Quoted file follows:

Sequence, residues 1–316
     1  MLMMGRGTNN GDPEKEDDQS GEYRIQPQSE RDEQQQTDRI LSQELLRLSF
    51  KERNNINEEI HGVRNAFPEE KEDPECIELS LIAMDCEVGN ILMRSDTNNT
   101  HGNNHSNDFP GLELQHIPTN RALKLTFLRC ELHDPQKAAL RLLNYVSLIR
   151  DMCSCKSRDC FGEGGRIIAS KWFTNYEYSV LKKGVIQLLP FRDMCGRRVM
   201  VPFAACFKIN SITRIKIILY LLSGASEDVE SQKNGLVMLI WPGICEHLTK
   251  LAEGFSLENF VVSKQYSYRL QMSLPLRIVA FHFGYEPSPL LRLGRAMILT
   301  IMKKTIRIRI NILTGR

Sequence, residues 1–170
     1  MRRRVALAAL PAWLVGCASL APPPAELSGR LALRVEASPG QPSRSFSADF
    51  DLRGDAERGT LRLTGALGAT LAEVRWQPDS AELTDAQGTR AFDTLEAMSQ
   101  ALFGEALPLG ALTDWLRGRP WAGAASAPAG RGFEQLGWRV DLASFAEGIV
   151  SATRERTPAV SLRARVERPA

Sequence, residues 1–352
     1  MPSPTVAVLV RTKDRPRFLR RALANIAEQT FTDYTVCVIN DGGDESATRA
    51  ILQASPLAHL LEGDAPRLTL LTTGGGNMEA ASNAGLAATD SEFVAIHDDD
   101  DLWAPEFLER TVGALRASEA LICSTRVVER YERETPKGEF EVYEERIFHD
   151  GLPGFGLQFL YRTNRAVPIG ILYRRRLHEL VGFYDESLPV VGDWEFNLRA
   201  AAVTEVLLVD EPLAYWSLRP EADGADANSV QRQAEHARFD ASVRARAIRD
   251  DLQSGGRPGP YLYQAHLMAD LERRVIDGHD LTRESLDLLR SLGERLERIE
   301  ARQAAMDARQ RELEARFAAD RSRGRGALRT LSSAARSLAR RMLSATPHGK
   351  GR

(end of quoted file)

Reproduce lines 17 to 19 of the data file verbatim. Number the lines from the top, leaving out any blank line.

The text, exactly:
   101  DLWAPEFLER TVGALRASEA LICSTRVVER YERETPKGEF EVYEERIFHD
   151  GLPGFGLQFL YRTNRAVPIG ILYRRRLHEL VGFYDESLPV VGDWEFNLRA
   201  AAVTEVLLVD EPLAYWSLRP EADGADANSV QRQAEHARFD ASVRARAIRD